Do Your Meetings Sabotage Your Profits?
By Don Schmincke
another weekly management meeting. Everyone shows up, sits down, and
takes their turn in reporting progress on assigned projects. At
first glance this looks like a great way to ensure accountability
for performance, but could it be sabotaging your company’s future
this be? Surely something as simple as meeting to track performance
is basic MBA 101 on how to run a company, right? Well, some CEOs
disagree. By challenging the assumption about these types of
meetings they’ve found something remarkable – competitive advantage.
that tracking performance is wrong, but there are other ways to
issue status reports on projects more efficiently. Email, intranets,
and old-fashioned paper can allow data to be absorbed more quickly
than verbal presentations at meetings. Why not use the invaluable
time in management meetings for what we wish we had more time for –
sounds great except for one snag – the problem is we don’t like
revealing problems! We’d rather reveal our “great performance.”
Divulging our problems could make us look weak or incompetent, or
diminish our demonstration of “brilliance” to those who could
promote us. More so, it could open us up for retaliation or
course there are organizations where these could be real fears, but
cultures like these have deeper problems than ineffective use of
management meetings. For the rest of us, using meetings to share and
solve problems versus displaying our “great performance” may offer a
better opportunity to improve such performance.
of organizational successes using this methodology are buried in the
literature, from examples of “skunk-works” projects to the recent
success of Toyota. For example, one manager at the Toyota Georgetown
plant used his time in management meetings to demonstrate his good
performance on projects he was assigned until plant manager Mr.
Fujio Cho (now the Chairman of Toyota worldwide) said to him, “We
all know you are a good manager, otherwise we would not have hired
you. But please talk to us about your problems so we can all work on
them together.” Of course, the rest is history now that Toyota has
surpassed GM. Could it be that Toyota’s meetings were different than
Meetings on Problems Versus Performance: Meetings which focus on
problem-solving versus reporting on good performance seems to offer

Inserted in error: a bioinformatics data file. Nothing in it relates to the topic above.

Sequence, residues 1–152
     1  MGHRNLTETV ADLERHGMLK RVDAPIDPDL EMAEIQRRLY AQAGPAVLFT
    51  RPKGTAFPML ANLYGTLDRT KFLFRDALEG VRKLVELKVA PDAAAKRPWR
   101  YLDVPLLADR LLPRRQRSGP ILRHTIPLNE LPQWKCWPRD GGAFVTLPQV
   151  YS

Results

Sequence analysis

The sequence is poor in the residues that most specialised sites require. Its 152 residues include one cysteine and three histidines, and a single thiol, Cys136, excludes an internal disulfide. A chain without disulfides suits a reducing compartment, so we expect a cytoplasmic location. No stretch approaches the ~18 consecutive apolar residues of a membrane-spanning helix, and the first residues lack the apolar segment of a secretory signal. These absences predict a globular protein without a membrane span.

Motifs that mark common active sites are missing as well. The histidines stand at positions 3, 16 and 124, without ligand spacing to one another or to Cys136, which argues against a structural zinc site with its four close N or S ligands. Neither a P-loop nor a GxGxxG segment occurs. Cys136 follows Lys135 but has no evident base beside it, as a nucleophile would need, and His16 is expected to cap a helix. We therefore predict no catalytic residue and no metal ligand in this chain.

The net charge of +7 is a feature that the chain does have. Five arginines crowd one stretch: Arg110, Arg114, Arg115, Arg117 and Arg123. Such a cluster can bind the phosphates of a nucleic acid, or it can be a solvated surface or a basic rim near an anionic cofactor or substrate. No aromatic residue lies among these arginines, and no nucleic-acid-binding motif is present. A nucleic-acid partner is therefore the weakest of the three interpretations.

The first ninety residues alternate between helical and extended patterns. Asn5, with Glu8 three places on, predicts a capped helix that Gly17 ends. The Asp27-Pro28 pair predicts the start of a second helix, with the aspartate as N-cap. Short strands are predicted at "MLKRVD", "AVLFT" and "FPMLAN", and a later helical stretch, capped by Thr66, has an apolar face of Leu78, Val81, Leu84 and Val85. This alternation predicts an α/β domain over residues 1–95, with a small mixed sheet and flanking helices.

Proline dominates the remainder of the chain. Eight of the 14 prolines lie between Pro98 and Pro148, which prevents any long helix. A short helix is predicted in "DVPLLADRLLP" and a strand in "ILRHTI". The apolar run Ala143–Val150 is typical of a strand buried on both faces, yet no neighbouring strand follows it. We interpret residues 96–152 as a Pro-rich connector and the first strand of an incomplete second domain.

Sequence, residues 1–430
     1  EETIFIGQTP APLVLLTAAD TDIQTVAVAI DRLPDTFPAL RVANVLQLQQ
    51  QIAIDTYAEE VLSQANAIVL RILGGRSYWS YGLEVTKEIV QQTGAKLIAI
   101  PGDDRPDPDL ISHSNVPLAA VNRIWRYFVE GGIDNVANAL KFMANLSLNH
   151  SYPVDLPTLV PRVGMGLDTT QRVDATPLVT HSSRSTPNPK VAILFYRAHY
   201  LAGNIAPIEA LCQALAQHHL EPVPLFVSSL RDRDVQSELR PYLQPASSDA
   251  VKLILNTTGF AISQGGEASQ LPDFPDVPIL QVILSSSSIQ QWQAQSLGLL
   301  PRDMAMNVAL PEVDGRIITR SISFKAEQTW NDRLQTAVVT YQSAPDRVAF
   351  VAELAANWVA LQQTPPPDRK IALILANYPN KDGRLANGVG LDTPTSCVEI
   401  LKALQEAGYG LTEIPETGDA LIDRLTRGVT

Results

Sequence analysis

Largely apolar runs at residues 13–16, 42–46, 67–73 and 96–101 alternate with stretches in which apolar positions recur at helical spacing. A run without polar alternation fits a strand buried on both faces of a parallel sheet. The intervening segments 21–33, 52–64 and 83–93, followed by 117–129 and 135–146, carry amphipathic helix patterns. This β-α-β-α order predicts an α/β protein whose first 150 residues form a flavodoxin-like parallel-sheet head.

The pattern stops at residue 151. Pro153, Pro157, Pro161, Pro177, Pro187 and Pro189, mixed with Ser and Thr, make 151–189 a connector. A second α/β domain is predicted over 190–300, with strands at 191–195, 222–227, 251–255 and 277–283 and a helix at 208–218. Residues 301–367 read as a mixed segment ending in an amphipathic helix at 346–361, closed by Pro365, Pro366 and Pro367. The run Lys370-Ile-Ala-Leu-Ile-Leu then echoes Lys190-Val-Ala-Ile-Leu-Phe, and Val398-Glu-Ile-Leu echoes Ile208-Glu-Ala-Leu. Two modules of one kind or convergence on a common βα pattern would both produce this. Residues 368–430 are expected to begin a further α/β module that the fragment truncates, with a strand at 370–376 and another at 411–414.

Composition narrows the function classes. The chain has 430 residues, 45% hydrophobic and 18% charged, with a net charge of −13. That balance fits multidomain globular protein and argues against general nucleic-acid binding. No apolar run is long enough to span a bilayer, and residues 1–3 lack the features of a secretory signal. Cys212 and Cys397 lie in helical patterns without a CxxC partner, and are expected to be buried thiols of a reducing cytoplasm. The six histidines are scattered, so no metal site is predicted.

companies key benefits such as:
More efficient use of time: Time is scarce and
getting scarcer. Companies that use face-to-face time for
problem-solving exploit the power of human dialogue versus wasting
it on monologues. They create solutions and address decisions on the
issues that matter. Project status reports are important but this
one-way data can be transferred using other more efficient means.
Time is money. Where do you want to spend it?
Higher motivation: Solving problems generates
more positive energy than status reports do. Celebration and
acknowledgement of good performance should be done, but in more
meaningful ways then self-proclamation in short slots of meeting
agendas. When a strong staff is free to expose real issues and work
on them it pulls the team together and lessens the effect of
demoralizing egos on the organizational agenda.
Profits: It doesn’t take a rocket scientist to
figure out how Toyota got to the top. Continuously seeking
improvements by finding and resolving problems enhances competitive
advantage in any market. Tolerating a culture that avoids this in
order to “look good” or satisfy personal interests guarantees a
dramatic financial failure. This has toppled the largest of
companies, some whose executives are now facing prison time.
it Happen in Your Company: Shifting your company’s culture to
embrace problem-solving meetings can be tough. It takes more than an
e-mail announcement or a speech. Some ideas include:
Assess management meetings you are now attending and
determine if they really are necessary. If not, distribute data or
information from those meetings using other methods.
If the meeting is important, shift the agenda from
focusing on performance accolades to sharing and solving problems.
Challenge those who “don’t have problems.” Are they
playing hard enough? Are they holding their cards too close to the
Notice the level of defensiveness in the culture. Are
people coachable? Can they disclose issues easily? Can they take
feedback without it seeming so personal?
Start leading by example. Surface your problems first!
This last idea could be difficult, but it shows you are serious. And
it allows you to start challenging the group. Start asking questions
though we are performing well, what’s not working or can be
improved in your department?”
is your greatest personal challenge or concern we should be
talking about today?”
in your area are you having the most problems?”
doesn’t mean that project performance status shouldn’t be on the
agenda. A few accolades can be appropriate, but surfacing and
focusing on problems and projects which are off-course so that the
group can work together on resolving them is critical for sustaining
competitive advantage and profits.
something that everyone is ready for? No. It requires a strong,
confident staff. Only solid teams thrive in an open and supporting
culture. On the other hand, weak teams don’t have the courage to
disclose their issues and accept help. But then, if that’s the case,
perhaps you have another problem.
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